YOUR WEEKLY BRIEFING FROM PARLEY
Over a million golden jellyfish are once thriving in a unique lake in the small island nation of Palau, after a drought in 2016 wiped them out. Researchers at the Palau Coral Reef Research Foundation have been carefully monitoring the lake, and were delighted when the population recently recovered. The jellyfish are harmless, and form a mesmerizing underwater swarm as they migrate to different parts of the lake throughout the day and night. Parley collaborator Rick Miskiv, who shot the above footage in 2014, explains that “there is a cognitive dissonance when you realize the jellyfish don’t sting at all. As the fear of abates you are immersed in the surreality of the light rays shining on millions of jellyfish migrating to the light. It’s a one-of-a-kind underwater experience.”
(Breaking story) An explosion at a plastics factory in the Dominican Republic has killed at least 6 people and injured over 100, including more than 20 children whose school was across the street. The Polyplas plastic company is located in a residential neighborhood in the capital of Santo Domingo, with three schools and two hospitals nearby. A gas leak is believed to have caused a boiler to explode.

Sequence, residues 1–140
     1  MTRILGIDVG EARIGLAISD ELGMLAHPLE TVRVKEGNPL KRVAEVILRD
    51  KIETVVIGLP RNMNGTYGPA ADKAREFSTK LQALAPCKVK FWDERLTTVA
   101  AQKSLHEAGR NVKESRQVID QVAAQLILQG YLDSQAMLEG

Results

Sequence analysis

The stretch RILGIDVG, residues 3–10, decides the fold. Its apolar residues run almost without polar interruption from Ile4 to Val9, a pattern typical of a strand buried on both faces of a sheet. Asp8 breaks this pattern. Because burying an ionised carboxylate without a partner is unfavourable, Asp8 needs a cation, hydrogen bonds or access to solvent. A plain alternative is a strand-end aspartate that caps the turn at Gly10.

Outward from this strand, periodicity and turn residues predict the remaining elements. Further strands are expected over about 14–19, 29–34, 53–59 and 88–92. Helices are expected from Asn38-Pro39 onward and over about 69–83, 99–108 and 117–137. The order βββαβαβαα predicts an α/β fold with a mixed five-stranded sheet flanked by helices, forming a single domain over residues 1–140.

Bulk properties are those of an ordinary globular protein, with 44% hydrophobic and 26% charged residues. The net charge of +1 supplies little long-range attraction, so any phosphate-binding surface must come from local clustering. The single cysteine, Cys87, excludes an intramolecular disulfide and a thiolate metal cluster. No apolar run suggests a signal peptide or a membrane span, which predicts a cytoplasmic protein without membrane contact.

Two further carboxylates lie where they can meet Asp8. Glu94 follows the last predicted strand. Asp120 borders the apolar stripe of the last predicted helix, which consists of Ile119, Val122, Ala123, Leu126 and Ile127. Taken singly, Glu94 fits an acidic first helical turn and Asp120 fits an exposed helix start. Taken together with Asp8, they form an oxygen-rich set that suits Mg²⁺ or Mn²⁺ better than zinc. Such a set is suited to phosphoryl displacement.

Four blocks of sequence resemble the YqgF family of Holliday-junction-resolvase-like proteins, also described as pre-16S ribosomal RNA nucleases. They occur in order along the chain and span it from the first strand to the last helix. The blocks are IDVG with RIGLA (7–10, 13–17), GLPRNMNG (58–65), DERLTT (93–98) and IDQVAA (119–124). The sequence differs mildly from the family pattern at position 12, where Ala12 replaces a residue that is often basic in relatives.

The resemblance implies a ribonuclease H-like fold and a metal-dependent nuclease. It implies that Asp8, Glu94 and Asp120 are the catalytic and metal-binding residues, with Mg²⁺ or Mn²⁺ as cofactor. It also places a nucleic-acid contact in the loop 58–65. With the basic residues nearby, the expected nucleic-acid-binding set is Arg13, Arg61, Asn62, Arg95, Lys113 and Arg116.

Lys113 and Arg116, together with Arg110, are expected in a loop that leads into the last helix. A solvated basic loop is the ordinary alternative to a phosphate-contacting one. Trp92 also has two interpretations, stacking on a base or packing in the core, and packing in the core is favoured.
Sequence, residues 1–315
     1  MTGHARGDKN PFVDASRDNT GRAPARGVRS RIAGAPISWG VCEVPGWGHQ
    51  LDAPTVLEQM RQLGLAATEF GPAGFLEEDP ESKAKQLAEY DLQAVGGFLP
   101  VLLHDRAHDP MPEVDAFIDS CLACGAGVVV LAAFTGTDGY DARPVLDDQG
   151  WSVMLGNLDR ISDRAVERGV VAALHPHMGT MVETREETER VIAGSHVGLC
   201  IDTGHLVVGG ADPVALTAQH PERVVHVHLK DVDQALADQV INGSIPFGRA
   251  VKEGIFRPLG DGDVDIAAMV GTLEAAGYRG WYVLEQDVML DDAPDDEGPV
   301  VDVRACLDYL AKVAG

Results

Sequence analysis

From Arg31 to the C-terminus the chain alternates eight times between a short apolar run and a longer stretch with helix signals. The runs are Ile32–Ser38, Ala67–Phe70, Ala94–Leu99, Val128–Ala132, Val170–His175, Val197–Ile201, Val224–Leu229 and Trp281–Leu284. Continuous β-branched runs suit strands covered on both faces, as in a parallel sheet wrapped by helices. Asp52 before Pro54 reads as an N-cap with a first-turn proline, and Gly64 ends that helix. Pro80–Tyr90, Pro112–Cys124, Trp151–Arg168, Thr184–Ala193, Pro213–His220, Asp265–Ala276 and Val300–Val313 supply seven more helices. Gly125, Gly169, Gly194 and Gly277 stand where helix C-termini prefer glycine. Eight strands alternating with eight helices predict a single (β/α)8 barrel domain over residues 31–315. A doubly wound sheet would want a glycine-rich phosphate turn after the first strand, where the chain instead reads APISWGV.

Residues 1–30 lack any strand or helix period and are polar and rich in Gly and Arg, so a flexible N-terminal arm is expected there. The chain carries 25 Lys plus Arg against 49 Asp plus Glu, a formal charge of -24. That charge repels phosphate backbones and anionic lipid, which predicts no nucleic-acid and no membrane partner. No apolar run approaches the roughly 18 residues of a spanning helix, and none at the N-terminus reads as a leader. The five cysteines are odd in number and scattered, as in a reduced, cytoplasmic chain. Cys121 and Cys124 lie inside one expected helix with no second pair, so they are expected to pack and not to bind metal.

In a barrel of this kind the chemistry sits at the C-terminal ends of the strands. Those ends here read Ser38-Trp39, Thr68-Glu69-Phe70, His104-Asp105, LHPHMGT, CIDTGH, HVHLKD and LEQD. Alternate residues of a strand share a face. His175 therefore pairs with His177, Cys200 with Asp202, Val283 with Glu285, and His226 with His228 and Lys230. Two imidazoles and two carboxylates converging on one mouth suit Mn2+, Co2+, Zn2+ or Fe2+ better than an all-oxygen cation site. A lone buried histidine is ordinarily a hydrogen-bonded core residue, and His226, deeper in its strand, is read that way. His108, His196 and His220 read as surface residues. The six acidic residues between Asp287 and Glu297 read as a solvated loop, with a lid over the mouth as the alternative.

Officials at NOAA say last year was slightly worse than average for the entanglement of large whales. The agency says about 70 percent of the confirmed entanglement cases were attributable to fishing gear, such as traps, nets and fishing line. Entanglement is a major concern for jeopardized species like the North Atlantic right whale, which number only about 440.
When people think of coral reefs, they typically picture warm, clear waters with brightly colored corals and fishes – but other species live in deep, dark, cold waters, often far from shore in remote locations. Researchers are now finding these varieties are just as ecologically important as their shallow water counterparts, and just as vulnerable to human activities like fishing and energy production.
In an effort to address illegal, unreported and unregulated fishing as well as other illegal maritime activities, two newly-designated areas around the Seychelles are being expanded. In total, these areas are 26 percent of the island nation’s Exclusive Economic Zone, covering approximately 350,000 square kilometres. The zone includes the extremely isolated Aldabra Atoll, a UNESCO World Heritage Site.